To better understand the regulation of flavonoid and anthocyanin biosynthesis, a targeted quantitative proteomic investigation employing LC-MS with multiple reaction monitoring was conducted on two strawberry cultivars at three ripening stages. This quantitative proteomic workflow was improved through an OFFGEL electrophoresis to fractionate peptides from total protein digests. A total of 154 peptide transitions from 47 peptides covering 21 proteins and isoforms related to anthocyanin biosynthesis were investigated. The normalized protein abundance, which was measured using isotopically-labeled standards, was significantly changed concurrently with increased anthocyanin content and advanced fruit maturity. The protein abundance of phenylalanine ammonia-lyase; anthocyanidin synthase, chalcone isomerase; flavanone 3-hydroxylase; dihydroflavonol 4-reductase, UDP-glucose:flavonoid-3-O-glucosyltransferase, cytochrome c and cytochrome C oxidase subunit 2, was all significantly increased in fruit of more advanced ripeness. An interaction between cultivar and maturity was also shown with respect to chalcone isomerase. The good correlation between protein abundance and anthocyanin content suggested that a metabolic control point may exist for anthocyanin biosynthesis. This research provides insights into the process of anthocyanin formation in strawberry fruit at the level of protein concentration and reveals possible candidates in the regulation of anthocyanin formation during fruit ripening. To gain insight into the molecular mechanisms contributing to flavonoids and anthocyanin biosynthesis and regulation of strawberry fruit during ripening is challenging due to limited molecular biology tools and established hypothesis. Our targeted proteomic approach employing LC-MS/MS analysis and MRM technique to quantify proteins in relation to flavonoids and anthocyanin biosynthesis and regulation in strawberry fruit during fruit ripening is novel. The identification of peptides

  7. Experimental design and data-analysis in label-free quantitative LC/MS proteomics: A tutorial with MSqRob.

    Science.gov (United States)

    Goeminne, Ludger J E; Gevaert, Kris; Clement, Lieven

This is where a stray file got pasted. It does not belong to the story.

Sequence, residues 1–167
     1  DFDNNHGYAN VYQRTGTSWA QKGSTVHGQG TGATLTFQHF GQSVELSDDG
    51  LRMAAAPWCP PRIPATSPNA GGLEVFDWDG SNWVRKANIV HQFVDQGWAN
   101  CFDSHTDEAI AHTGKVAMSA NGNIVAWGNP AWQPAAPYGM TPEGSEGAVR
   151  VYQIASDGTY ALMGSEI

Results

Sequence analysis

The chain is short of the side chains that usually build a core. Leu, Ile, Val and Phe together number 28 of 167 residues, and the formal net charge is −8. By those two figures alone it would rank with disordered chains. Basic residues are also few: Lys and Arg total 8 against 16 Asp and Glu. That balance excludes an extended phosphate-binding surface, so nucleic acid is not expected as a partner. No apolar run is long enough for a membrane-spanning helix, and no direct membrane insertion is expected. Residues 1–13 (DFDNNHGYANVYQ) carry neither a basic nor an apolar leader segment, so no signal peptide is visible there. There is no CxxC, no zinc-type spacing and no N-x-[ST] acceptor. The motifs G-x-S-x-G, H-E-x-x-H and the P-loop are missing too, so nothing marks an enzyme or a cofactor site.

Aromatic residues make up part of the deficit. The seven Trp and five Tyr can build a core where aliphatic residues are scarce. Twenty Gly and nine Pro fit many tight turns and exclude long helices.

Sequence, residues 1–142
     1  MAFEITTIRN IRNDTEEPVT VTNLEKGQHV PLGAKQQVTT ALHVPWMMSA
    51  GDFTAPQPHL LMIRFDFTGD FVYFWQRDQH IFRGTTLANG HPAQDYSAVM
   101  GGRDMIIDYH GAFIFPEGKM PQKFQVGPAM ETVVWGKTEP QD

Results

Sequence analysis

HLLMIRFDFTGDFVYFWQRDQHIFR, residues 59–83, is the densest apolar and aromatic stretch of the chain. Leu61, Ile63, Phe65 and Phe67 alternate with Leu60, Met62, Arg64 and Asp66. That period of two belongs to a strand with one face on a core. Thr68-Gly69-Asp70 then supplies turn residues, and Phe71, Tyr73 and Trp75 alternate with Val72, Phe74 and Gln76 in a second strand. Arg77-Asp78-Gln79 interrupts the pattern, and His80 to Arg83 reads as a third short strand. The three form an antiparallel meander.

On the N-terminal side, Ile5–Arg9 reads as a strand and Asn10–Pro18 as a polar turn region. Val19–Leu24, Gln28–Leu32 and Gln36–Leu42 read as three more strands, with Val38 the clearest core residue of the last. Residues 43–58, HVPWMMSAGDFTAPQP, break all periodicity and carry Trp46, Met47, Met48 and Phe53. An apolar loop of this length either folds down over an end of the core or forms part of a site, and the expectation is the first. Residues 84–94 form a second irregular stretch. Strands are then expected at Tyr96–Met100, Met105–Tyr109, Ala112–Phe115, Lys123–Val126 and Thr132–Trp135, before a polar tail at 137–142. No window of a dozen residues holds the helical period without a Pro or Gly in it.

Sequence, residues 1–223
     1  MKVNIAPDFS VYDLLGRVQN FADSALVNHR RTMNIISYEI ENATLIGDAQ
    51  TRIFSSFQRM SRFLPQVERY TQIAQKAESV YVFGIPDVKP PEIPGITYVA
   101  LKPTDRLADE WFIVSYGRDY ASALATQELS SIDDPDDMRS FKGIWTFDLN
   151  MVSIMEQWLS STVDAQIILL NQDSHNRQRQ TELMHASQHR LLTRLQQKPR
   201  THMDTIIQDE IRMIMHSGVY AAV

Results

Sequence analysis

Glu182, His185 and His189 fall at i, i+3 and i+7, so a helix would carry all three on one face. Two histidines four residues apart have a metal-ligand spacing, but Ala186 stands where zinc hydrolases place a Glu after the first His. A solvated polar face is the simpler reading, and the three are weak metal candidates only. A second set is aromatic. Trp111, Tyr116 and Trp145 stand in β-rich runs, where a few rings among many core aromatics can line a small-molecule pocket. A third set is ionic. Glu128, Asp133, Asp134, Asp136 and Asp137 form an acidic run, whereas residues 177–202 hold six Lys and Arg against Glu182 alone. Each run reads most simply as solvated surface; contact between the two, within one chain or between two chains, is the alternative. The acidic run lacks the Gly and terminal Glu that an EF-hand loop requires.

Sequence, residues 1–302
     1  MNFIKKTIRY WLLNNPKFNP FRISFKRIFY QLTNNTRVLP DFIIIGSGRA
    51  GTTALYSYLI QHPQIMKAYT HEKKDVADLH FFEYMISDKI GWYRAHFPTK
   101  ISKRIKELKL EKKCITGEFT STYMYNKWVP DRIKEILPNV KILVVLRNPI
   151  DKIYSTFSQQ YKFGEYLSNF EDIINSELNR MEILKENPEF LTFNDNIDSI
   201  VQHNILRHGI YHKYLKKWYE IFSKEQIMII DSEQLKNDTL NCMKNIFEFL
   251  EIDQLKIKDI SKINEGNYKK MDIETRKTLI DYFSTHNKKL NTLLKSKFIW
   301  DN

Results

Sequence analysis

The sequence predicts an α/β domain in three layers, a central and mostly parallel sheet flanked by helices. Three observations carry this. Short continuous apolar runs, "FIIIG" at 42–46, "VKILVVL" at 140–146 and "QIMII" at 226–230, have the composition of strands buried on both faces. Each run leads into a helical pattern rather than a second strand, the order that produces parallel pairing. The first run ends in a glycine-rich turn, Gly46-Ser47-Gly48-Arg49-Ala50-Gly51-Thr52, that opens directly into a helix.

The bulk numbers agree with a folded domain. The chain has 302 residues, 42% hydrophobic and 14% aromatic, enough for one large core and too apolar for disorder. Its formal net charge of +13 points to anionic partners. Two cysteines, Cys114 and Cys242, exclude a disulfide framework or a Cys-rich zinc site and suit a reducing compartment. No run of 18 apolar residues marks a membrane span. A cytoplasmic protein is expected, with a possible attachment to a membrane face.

2017-04-05

    Label-free shotgun proteomics is routinely used to assess proteomes. However, extracting relevant information from the massive amounts of generated data remains difficult. This tutorial provides a strong foundation on analysis of quantitative proteomics data. We provide key statistical concepts that help researchers to design proteomics experiments and we showcase how to analyze quantitative proteomics data using our recent free and open-source R package MSqRob, which was developed to implement the peptide-level robust ridge regression method for relative protein quantification described by Goeminne et al. MSqRob can handle virtually any experimental proteomics design and outputs proteins ordered by statistical significance. Moreover, its graphical user interface and interactive diagnostic plots provide easy inspection and also detection of anomalies in the data and flaws in the data analysis, allowing deeper assessment of the validity of results and a critical review of the experimental design. Our tutorial discusses interactive preprocessing, data analysis and visualization of label-free MS-based quantitative proteomics experiments with simple and more complex designs. We provide well-documented scripts to run analyses in bash mode on GitHub, enabling the integration of MSqRob in automated pipelines on cluster environments (https://github.com/statOmics/MSqRob). The concepts outlined in this tutorial aid in designing better experiments and analyzing the resulting data more appropriately. The two case studies using the MSqRob graphical user interface will contribute to a wider adaptation of advanced peptide-based models, resulting in higher quality data analysis workflows and more reproducible results in the proteomics community. We also provide well-documented scripts for experienced users that aim at automating MSqRob on cluster environments. Copyright © 2017. Published by Elsevier B.V.